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Body Transformations: Evolutions and Atavisms in Culture [Anglais] [Relié]

Alphonso Lingis

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Présentation de l'éditeur

First published in 2005. Routledge is an imprint of Taylor & Francis, an informa company.

Biographie de l'auteur

Alphonso Lingis is Emeritus Professor of Philosophy at Pennsylvania State University. He has published several books and contributed essays to numerous volumes and journals.

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Couverture | Copyright | Table des matières | Extrait | Index | Quatrième de couverture
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4.0 étoiles sur 5 Easy and Thought Provoking Body Philosophy on a Global Level - With Some Obsolete Oddness 18 août 2008
Par Bonam Pak - Publié sur Amazon.com
Format:Broché
I read the original 2005 paperback. This thin book of less than 140 regular text pages and 11 unusual black and white pictures of naked and semi-naked people from around the world offers a pleasurably relaxing reading. Which can't be taken for granted in philosophy books, including some of Alphonso Lingis' earlier works.

"Body Transformations" circles around the human body, touching upon sexual selection, body illusions, body initiation and detachments, apotemnophilia (the fetish of voluntary limb amputation) and pig organs for human transplantation. Lingis wonders about portrait paintings leaving out body parts, male anglerfish growing onto females, losing their eyesight in the process and about the women who offered money to receive the sperm of the 5,300-year-old Italian glacier mummy Ötzi.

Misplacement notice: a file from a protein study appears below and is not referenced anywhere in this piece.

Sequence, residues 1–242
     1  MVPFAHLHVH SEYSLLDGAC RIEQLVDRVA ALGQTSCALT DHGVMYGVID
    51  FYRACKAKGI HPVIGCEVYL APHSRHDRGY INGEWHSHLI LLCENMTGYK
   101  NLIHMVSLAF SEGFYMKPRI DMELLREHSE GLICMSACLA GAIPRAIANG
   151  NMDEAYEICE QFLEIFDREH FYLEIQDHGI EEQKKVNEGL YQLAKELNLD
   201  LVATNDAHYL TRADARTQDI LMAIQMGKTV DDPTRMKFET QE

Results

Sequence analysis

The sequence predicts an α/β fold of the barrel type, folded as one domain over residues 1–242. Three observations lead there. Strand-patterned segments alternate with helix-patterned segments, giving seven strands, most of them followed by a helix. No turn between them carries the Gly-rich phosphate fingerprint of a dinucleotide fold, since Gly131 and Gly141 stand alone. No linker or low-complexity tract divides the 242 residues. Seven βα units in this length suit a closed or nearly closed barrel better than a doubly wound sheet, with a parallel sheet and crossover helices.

Lingis goes private and global. He writes in the first person singular, however, I am not sure, when, if ever, this "I"-form really matches his personal reality. He seems to project his thoughts onto the realities of whomever he is musing about. Including the many references and quotes of philosophers and similar thinkers, such as Heidegger, Kant, Nietzsche, Marx and most of all Freud. It doesn't always become clear, wether he really agrees with the direct quotes and carried forward thought processes as if by these famous thinkers. The reader may sure get the impression. And some of those statements are blatantly ridiculous. Such as on referencing Immanuel Kant: "In fact, Africa could not properly be said to have religion: it only had belief in magic." This is about (the original meaning of) fetishism and clearly not overstood. Besides the fetishism of some parts of Africa and other African branches of religion, I may add that all so-called world religions are derived from ancient Egypt. Read for example The Africans Who Wrote the Bible and the books by Muata Ashby, such as egypt and india the african origins of yoga, hinduism, vedanta, buddhism and dharma of india and The Mystical Journey from Jesus to Christ. Also consider that in Ethiopia Judaism, Christianity and Islam were freely engaged in earlier than in the very most other parts of the world. Sigmund Freud has become an even worse choice to quote ideas from. He was an important step in psychoanalysis. In the meantime his reputation of authority far exceeds more recent expertise. I find it strange that Lingis didn't find it funny to write in 2005 in reference to Freud that "Some people, traumatized by the sight of female castration, [i.e. not featuring a penis] become homosexual." The most strange part is that I don't think that Lingis is particularly homophobic as he seems to integrate a lot of homoerotic imagery and content in many of his books, including a bit in this book.

But then again, not to leave a false impression, generally Lingis isn't what I would describe as conservative. In fact, more statements will be disliked by conservatives than other readers. Such as this gem: "Soldiers are limbs connected to weapons and disconnected from brain and imagination."
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